The impact of stigma: Half of the caregivers (56%) agree there is a stigma (i.e., shame) associated with liver cancer and that these negative perceptions about liver cancer make it difficult to find support (60%).

To address the needs these caregivers identified in the survey and in recognition of Liver Cancer Awareness Month (October), Bristol-Myers Squibb and Blue Faery have launched LiverCancerOutlook.com, a dedicated website offering information about liver cancer and providing links to additional resources for patients and caregivers.

“As a leader in oncology, Bristol-Myers Squibb strives every day to understand and address the unmet needs of patients and their caregivers, including those within the liver cancer community,” said Awny Farajallah, M.D., Vice President, Head of U.S. Medical Oncology, Bristol-Myers Squibb. “The Liver Cancer Outlook survey results underscore the importance of better educating patients and caregivers, and we are proud to collaborate with Blue Faery to help provide much-needed information and hope to those who are living with the daily challenges of the disease.”

In 2017, it is estimated there will be approximately 41,000 new diagnoses of liver and intrahepatic bile duct cancers in the U.S. and an estimated 29,000 people will die from the disease.2 HCC is the most common type of primary liver cancer, cancer that starts in the liver.6 In addition to HBV and HCV infections, gender, race and ethnicity, cirrhosis, obesity, type 2 diabetes, certain genetic syndromes and non-alcoholic steatohepatitis (NASH) are common risk factors. HCC in adults is often diagnosed in later stages. A patient’s prognosis depends on factors such as the stage of the cancer (i.e., tumor size, how much of the liver is affected, whether the cancer has spread), how well the liver is working and the patient’s general health.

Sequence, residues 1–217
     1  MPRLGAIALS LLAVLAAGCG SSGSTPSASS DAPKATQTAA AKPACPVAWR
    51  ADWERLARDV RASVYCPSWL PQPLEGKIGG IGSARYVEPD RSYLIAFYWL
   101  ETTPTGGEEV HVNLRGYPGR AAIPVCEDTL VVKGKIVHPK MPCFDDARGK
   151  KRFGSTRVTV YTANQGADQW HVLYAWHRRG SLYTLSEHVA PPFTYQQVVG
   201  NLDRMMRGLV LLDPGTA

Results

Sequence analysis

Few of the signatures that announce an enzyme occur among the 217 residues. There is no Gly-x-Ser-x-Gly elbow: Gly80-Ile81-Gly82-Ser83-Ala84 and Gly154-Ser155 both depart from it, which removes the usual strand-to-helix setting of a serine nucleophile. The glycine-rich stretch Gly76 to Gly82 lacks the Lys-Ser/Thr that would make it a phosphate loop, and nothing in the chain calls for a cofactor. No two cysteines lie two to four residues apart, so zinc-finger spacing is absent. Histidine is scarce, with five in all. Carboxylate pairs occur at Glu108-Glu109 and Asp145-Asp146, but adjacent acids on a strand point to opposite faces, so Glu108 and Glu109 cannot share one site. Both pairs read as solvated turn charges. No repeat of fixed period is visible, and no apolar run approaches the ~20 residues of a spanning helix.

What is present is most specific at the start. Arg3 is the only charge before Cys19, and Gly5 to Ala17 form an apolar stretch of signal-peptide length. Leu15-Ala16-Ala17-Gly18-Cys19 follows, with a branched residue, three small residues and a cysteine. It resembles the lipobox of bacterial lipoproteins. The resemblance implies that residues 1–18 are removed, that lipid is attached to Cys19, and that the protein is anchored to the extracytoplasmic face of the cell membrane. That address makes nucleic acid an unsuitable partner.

The survey uncovered important insights into the attitude and mindset of caregivers. The survey showed that caregiver outlook for their loved one’s future is dependent on the stage of the disease.1 In fact, caregivers of advanced stage liver cancer patients are significantly more likely than those caring for early stage patients to report negative feelings (93% vs. 60%) such as helpless (50% vs. 17%), sad (50% vs. 7%), frustrated (40% vs. 13%), and angry (23% vs. 3%).

A majority of these caregivers of advanced stage patients acknowledge that a lot of progress is being made in liver cancer research (63%) and that they would feel hopeful about additional treatment options becoming available (58%).

Research efforts are ongoing, and in the past year additional options have become available for patients with advanced liver cancer. Nearly all caregivers of advanced stage patients (97%) wish they knew about the latest developments in liver cancer treatment or areas of research. The most commonly reported treatment option/area of research that these caregivers are interested in learning more about is Immuno-Oncology (93%), followed by targeted therapy (88%), tumor embolization (85%), tumor ablation (83%), liver cancer surgery (83%), chemotherapy (83%), and radiation therapy (78%).